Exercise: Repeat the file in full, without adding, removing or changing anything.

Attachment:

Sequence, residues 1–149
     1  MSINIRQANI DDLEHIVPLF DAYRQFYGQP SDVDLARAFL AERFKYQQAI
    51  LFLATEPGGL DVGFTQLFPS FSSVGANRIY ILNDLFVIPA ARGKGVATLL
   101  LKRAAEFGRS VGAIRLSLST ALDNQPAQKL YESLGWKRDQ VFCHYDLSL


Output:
Sequence, residues 1–149
     1  MSINIRQANI DDLEHIVPLF DAYRQFYGQP SDVDLARAFL AERFKYQQAI
    51  LFLATEPGGL DVGFTQLFPS FSSVGANRIY ILNDLFVIPA ARGKGVATLL
   101  LKRAAEFGRS VGAIRLSLST ALDNQPAQKL YESLGWKRDQ VFCHYDLSL